The Ridgewood Property Owners and Civic Association kicked off the start of the month with a full meeting inside the basement of the Ridgewood Presbyterian Church, on 59-14 70th Ave., in Ridgewood, on Thursday, June 1.
More than 50 guests, including the civic association’s board, occupied the intimate space and voiced a number of community concerns, including poor parking situations, rat infestations, improper garbage disposal, and bad landlords.
“We’ve always said that we believe that we have to fight for tenants as well, because we believe in equitable treatment and ethical relationships between landlords and tenants,” said Charles Ober, president of the RPOCA.
Quality control regarding the ownership of longtime properties in Ridgewood remains paramount for the civic group and property owners shared concerns over landlord abuse. The construction of new multifamily dwellings was one issue discussed by community members because of the existing parking and garbage issues.
The lack of parking spots in the neighborhood was another main issue discussed. Residents blamed the Citi Bike stations for taking up essential parking spots and noted issues with car owners parking in front of fire hydrants. What was suggested by civic members was the installation of an offsite parking lot, to help ease parking related issues — a request needed to be further emphasized to elected officials.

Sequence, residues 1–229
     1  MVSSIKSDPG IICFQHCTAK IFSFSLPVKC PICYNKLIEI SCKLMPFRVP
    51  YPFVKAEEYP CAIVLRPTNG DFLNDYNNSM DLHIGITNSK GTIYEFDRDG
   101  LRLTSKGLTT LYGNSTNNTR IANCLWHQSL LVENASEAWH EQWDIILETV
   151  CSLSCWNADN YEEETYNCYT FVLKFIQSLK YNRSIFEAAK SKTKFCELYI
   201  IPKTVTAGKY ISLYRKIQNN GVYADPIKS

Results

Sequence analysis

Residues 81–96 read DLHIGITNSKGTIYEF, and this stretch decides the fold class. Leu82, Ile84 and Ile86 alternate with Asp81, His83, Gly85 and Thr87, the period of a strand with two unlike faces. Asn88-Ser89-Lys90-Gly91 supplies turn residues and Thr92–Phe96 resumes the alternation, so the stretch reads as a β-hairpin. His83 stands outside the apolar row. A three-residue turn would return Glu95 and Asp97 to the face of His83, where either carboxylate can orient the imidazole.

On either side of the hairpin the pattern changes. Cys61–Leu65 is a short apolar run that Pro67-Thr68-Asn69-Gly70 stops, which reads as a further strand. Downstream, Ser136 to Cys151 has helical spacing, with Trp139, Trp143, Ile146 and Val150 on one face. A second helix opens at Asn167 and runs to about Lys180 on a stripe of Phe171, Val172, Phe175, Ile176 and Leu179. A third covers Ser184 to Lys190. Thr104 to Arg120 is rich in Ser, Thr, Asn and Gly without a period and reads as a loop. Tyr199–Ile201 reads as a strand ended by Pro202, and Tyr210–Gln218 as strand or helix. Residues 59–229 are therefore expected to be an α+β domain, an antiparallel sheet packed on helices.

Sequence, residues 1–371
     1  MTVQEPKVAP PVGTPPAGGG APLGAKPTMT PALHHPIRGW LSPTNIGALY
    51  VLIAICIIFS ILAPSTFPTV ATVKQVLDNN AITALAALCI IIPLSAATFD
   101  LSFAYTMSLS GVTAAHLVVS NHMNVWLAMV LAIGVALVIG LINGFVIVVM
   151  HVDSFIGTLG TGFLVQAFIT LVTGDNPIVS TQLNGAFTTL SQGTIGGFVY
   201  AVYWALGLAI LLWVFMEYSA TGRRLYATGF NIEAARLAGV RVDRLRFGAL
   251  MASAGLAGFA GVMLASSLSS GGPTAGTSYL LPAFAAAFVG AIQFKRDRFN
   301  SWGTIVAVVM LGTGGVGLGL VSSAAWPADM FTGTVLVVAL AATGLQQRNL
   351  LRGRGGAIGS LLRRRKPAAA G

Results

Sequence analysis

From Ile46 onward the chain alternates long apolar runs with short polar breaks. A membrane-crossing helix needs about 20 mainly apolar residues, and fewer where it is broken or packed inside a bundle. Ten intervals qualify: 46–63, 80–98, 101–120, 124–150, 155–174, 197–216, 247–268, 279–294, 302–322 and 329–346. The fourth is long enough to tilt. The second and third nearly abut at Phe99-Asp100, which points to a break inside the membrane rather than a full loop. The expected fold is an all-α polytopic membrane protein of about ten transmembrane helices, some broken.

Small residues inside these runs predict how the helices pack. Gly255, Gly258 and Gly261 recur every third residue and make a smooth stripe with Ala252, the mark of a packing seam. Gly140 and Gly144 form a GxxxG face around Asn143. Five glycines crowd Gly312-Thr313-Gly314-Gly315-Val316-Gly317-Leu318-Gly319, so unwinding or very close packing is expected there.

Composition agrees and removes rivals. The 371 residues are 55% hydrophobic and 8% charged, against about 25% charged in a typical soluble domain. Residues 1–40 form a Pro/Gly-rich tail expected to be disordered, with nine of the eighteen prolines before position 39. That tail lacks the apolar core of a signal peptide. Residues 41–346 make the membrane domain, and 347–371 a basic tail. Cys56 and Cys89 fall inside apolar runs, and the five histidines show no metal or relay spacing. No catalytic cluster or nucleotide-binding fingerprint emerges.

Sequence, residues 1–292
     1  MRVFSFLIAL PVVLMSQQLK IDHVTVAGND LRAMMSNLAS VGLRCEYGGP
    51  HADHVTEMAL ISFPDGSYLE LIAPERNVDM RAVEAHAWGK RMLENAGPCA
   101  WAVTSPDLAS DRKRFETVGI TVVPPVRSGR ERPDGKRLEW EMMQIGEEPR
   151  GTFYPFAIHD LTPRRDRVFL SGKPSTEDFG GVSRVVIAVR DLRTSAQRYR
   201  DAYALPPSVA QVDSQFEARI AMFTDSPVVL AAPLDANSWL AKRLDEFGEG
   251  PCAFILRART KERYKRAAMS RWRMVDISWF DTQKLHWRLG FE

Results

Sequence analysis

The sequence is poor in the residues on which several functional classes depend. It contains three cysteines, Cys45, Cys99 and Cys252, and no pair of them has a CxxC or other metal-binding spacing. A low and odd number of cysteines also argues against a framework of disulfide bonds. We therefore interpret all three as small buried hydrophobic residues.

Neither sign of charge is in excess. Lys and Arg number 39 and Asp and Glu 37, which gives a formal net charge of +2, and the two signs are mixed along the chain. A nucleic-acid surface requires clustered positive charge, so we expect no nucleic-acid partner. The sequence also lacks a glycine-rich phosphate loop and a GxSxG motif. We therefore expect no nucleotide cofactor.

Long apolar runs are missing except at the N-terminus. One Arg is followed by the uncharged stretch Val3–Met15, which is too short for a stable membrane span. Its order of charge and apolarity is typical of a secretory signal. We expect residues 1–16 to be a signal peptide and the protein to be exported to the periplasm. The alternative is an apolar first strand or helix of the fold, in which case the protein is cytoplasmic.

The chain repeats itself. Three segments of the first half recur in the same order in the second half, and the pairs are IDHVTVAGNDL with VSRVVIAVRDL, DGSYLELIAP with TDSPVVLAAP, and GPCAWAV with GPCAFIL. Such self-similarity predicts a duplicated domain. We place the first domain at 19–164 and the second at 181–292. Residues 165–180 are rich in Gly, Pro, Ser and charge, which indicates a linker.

The main guest of the night was Sandra Pérez, a runner-up for the special democratic primary for New York City Civil Court in Queens County. Pérez took the time to thank the civic group for their patience and emphasized the importance of the judicial race to residents.
“There’s so many issues and so much perspective that you can gain and that I believe judges should have before taking the bench. It shouldn’t be a little bubble of being in the back or not going into the community,” Pérez said. “It should be knowing Ridgewood, knowing Elmhurst, knowing Rego Park, knowing St. Albans, knowing what the issues are in each community that are important to each individual from Queens County. And I think that people haven’t been paying too much attention to judicial races. I ask you to please change that.”
Pérez will run against Marianne Gonzalez in the primary election on Tuesday, June 27. Pérez’s parting words to the room of Ridgewood residents emphasized her own roots in the community and what could be expected from her win.
“The support that I’m getting is not based on politics, it’s not based on any favoritism,” Perez said. “I’m a first generation attorney. My parents didn’t have the luxury to go to a college or law school, so for us, it’s very personal. It should be based on experience, and not popularity, or anything else because a judge is charged with a very delicate responsibility, which is to be fair and neutral.”
Representatives from Assemblywoman Jenifer Rajkumar’s office and State Representative Nydia Velazquez spoke at the meeting, encouraging RPOCA to continue advocating for the community.